The Australian Trucking Association (ATA) has called for major changes to the guidelines for building truck rest areas as access to toilets, lighting and water have been classified as ‘desirable’, not a requirement.
“Our roads and rest areas are a driver’s workplace and we have little chance of resolving fatigue if drivers are not provided with basic human rights to get the job done,” ATA CEO Ben Maguire said today.
The ATA was responding to an Austroads research report on updating the guidelines for truck rest areas. Austroads is a research organisation funded by the Australian and state governments.
“Access to toilets, lighting and water are a basic human right, yet the highest proposed truck rest area classifications only list these as desirable,” Mr Maguire said.
“These amenities are a requirement. No other workplace would compromise on these facilities, so why should drivers have to?” he said.
“Having appropriate rest area facilities for heavy vehicles is not optional. It’s not nice to have: it is a fundamental requirement and obligation for road providers and government,” Mr Maguire said.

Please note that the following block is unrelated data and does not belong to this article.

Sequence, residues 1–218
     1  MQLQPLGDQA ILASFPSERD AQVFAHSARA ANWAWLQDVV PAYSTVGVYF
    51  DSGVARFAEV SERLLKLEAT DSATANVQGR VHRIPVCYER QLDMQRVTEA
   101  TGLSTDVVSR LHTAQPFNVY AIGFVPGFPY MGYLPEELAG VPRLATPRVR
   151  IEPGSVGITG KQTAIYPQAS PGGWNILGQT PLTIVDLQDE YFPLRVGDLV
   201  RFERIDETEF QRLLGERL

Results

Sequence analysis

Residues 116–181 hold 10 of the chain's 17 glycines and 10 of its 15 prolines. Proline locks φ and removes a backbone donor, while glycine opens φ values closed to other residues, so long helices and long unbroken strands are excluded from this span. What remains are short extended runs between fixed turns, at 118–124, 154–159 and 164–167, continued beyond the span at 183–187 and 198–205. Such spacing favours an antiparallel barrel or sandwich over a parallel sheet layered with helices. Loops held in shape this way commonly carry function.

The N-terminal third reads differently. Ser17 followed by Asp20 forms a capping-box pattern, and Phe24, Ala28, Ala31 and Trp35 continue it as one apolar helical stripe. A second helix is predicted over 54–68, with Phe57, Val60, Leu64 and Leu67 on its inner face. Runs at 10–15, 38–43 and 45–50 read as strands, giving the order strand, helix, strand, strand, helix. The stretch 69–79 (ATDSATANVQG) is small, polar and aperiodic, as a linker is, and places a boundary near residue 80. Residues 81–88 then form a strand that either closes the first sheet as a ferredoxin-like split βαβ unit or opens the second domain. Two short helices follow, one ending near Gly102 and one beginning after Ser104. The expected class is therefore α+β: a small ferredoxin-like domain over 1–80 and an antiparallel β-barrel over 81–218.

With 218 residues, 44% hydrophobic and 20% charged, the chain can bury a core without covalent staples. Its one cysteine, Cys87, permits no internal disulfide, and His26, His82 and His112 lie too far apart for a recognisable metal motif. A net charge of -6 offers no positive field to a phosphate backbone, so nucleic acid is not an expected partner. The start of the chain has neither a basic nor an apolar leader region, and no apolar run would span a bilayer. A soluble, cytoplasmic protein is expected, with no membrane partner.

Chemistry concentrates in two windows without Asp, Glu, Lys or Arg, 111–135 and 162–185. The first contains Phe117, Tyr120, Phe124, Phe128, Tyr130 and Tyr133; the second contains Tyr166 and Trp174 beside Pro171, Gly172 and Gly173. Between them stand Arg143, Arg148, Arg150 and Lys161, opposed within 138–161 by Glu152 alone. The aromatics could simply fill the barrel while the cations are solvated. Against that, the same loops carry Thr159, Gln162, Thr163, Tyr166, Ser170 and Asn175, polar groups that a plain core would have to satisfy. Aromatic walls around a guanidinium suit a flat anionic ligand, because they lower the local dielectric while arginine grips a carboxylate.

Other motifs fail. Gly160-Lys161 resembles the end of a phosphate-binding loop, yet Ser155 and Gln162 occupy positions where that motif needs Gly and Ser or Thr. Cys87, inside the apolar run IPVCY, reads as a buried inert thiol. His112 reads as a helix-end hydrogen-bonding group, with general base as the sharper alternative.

In its response to the report, the ATA has made a number of recommendations:
- Governments should provide truck rest areas every 20 kilometres, allowing drivers to comply with work diary rules
- There should be no general and caravan parking in the truck section of any rest area, and this must be enforced
- Specific engagement of women drivers should be undertaken on the provision of toilet facilities at rest area locations, and on whether these should be unisex or gender specific, and
- Guidelines must prevent road agencies from temporarily closing rest areas to store roadworks materials.
“The Austroads report does not go far enough to acknowledge the need to treat heavy vehicle operators with respect, nor the important link these basic amenities have on the safety and wellbeing of drivers,” Mr Maguire said.
“There should be a strong set of guidelines, an independent audit on the current state of rest areas, and then a funded national plan from governments to address the gaps,” he said.
Mr Maguire recently spent a night at the Partridge VC Rest Area in NSW to walk in the shoes of a truck driver and experience first-hand what managing fatigue is like in a ‘best practice’ truck rest area.
“Spending the night in a rest area was my chance to better understand life on the road and the shortcomings of Australia’s rest areas,” he said.
“The amount of noise was far louder than what is acceptable in a normal workplace and the bathroom facilities were poorly lit.
“If I were a lone female truck driver pulling up for a rest, I would not feel comfortable nor safe using these facilities,” he said.